Cook, J.M. (2014). A library credit course and student success rates: A longitudinal study. College and Research Libraries, 75(3), 272-283. doi:10.5860/crl12-424
In a longitudinal study spanning twelve years, Cooke (2014) studied the impact of a credit information literacy course and found that students who took the course had significantly higher graduation rates than those who did not. Although there are limitations of the study related to the population used for the sample (full-time, first-time students), the findings remain notable given the scale of the study; approximately fifteen thousand students were in the sample.
Coulter, P., Clarke, S., & Scamman, C. (2007). Course grade as a measure of the effectiveness of one-shot information literacy instruction. Public Services Quarterly, 3(1-2),147-163. doi: 10.1300/J295v03n01_08
Coulter, Clarke, and Scamman (2007) studied the impact of library instruction on course end grades for four different courses by comparing sections that received library instruction and those that did not. No clear correlation was found between library instruction and course end grade. The authors of this study note limitations of course end grade as an effective measure of the impact of library instruction given the variation in grading and teaching practice and the lack of a control group.
Hsieh, M.L., & Holden, H. A. (2010). The effectiveness of a university's single-session information literacy instruction. Reference Services Review, 38(3), 458-473. doi:http://dx.doi.org/10.1108/00907321011070937
Using a pre- and post-assessment in a general education class over three semesters, Hsieh and Holden (2010) found a consistent improvement in scores on a multiple choice and T/F instrument before and after a single session. Additionally, a survey indicated that students found value in the information literacy instruction and overall were satisfied with the experience. Hsieh and Holden conclude that the one-shot session has its place in overall information literacy instruction practice and that further research may include the ideal number of sessions to move toward information competency.
Landis, J.R., & Koch, G.G. (1977). The measurement of observer agreement for categorical data. Biometrics, 33(1), 159-174. doi:10.2307/2529310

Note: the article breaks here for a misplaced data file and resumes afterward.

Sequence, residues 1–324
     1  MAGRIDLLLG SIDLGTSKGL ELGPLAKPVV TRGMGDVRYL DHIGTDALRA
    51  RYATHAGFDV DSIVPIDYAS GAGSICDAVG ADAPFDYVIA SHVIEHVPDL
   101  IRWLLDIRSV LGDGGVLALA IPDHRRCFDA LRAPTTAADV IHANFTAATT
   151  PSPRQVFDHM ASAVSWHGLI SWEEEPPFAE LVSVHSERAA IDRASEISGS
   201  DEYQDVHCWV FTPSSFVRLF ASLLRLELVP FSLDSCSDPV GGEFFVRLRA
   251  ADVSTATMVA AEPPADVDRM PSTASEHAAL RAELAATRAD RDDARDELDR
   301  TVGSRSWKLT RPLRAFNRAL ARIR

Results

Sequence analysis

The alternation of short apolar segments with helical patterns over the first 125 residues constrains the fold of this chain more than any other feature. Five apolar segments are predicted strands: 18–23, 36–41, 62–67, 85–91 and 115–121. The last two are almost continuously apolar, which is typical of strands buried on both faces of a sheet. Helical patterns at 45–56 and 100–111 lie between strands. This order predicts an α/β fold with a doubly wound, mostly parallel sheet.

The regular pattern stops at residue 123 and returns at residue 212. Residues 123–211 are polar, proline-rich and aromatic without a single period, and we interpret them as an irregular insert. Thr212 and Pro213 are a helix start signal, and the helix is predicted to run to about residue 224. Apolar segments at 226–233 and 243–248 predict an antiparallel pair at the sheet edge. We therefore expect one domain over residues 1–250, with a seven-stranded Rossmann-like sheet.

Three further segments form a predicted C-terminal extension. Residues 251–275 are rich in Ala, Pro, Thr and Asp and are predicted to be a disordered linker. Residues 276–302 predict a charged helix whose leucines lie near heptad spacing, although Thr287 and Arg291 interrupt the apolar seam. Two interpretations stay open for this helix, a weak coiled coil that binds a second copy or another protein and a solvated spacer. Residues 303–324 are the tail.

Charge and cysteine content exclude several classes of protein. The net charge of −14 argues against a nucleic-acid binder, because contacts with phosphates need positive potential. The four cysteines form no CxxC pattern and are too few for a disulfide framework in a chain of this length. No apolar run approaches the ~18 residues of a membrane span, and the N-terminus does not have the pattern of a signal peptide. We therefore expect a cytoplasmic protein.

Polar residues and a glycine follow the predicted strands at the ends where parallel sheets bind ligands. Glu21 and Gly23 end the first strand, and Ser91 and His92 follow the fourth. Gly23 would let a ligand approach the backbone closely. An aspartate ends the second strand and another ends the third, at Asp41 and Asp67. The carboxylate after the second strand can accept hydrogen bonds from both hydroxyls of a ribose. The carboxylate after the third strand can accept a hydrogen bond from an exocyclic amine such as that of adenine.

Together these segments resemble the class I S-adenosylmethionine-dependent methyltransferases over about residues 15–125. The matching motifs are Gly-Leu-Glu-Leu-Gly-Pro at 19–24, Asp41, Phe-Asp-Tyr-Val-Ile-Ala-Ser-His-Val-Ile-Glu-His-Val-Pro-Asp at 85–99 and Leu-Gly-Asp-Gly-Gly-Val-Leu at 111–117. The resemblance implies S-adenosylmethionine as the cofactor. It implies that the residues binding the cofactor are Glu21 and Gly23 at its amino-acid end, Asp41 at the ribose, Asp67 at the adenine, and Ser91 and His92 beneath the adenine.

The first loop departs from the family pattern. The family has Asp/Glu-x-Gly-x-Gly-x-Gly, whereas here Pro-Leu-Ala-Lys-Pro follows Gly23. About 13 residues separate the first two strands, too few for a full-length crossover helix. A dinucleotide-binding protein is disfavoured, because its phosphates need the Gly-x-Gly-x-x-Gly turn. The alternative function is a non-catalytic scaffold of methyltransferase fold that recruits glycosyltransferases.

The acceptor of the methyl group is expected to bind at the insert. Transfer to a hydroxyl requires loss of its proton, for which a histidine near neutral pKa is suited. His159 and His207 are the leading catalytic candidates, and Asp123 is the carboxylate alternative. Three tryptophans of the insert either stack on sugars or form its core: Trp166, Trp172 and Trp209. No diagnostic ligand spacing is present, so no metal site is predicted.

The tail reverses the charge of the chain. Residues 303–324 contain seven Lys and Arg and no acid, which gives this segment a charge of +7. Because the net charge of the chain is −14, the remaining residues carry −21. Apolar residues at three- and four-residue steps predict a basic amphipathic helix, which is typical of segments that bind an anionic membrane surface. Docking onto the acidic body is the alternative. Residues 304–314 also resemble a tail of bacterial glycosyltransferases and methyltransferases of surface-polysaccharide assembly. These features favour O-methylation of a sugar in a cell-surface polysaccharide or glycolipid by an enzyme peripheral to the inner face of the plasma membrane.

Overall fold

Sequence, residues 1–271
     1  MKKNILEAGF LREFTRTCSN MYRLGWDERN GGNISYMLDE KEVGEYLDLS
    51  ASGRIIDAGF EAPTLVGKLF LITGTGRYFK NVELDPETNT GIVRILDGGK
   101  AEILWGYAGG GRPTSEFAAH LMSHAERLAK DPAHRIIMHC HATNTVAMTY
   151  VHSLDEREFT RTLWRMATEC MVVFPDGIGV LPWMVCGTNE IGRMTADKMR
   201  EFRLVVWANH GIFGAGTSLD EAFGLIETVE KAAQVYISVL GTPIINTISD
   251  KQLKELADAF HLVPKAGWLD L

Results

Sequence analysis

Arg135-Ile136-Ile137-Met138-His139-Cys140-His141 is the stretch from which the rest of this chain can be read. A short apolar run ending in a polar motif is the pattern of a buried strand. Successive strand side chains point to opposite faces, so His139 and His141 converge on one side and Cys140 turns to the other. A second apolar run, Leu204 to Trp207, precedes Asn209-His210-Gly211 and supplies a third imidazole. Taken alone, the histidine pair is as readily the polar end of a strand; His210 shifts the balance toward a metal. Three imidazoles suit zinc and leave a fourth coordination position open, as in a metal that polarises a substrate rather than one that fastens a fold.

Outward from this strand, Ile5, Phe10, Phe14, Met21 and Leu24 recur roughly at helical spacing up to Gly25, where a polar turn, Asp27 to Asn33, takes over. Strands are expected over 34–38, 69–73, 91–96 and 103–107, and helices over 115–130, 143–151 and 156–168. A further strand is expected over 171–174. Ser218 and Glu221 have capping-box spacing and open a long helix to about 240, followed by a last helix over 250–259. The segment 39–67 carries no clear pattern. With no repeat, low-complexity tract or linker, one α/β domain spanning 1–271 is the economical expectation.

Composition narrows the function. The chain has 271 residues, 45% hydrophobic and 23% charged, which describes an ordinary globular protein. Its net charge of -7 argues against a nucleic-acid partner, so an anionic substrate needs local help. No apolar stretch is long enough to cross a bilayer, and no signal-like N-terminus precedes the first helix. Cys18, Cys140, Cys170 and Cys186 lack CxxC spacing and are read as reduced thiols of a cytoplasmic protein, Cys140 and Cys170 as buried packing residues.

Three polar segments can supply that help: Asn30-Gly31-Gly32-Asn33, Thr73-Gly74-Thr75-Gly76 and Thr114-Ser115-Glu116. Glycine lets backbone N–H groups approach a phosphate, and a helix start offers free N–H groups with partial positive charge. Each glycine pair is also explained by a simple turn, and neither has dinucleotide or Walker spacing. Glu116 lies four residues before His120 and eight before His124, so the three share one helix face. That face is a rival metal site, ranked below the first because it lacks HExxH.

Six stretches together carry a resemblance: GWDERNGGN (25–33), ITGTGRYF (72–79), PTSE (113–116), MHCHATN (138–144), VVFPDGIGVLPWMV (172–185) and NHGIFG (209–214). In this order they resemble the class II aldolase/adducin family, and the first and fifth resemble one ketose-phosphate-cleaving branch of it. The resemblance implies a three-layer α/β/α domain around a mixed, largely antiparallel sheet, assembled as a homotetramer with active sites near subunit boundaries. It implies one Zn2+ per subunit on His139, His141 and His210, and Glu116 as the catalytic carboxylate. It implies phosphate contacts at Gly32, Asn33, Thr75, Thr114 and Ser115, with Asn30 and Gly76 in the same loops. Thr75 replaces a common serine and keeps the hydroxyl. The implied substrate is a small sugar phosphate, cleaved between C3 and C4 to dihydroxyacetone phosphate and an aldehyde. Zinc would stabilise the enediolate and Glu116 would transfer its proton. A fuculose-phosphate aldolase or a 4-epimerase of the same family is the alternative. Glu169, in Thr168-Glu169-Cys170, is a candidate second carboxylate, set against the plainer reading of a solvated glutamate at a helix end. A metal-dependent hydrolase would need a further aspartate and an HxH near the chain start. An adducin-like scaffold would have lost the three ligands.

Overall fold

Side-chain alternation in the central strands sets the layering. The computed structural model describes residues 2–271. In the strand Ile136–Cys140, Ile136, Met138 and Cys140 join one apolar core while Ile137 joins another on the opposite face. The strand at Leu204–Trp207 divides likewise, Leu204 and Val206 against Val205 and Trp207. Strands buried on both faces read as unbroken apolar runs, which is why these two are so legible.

Landis and Koch (1977) proposed a Kappa statistic-based method for measuring interrater variability. Their standard was used in the Pierce College study.
Rinto, E.E., & Cogbill-Seiders, E.I. (2015). Library instruction and themed composition courses: An investigation of factors that impact student learning. The Journal of Academic Librarianship, 41(1), 14-20. doi:10.1016/j.acalib.2014.11.010
Rinto and Cogbill-Seiders (2015) assessed the impact of a one-shot session on topic selection/development and critically evaluating sources for an English composition course in a first year writing program. Their study suggests that the one-shot session has a significant impact on student performance on the annotated bibliography assignment and is correlated with higher scores with specific information literacy skills. Another interesting finding is that themes for composition courses is worth exploring, in terms of its positive impact on student work. This additional context could further contextualize library instruction.
Wong, S.H.R., & Cmor, D. (2011). Measuring association between library instruction and graduation GPA. College and Research Libraries, 72(5), 464-473. doi:10.5860/crl-151
Wong and Cmor (2011) studied the long term impact of library instruction on a large sample of graduates' cumulative GPAs over a six-year period. Their study suggests that as the number of library sessions increases, there was a higher chance of a positive correlation between cumulative GPA and library sessions. When three or four library sessions were offered in a program, library instruction was more likely to have a positive impact on student GPA. A sample group of students who attended five sessions were the only group to demonstrate a positive impact on GPA and "strong" association.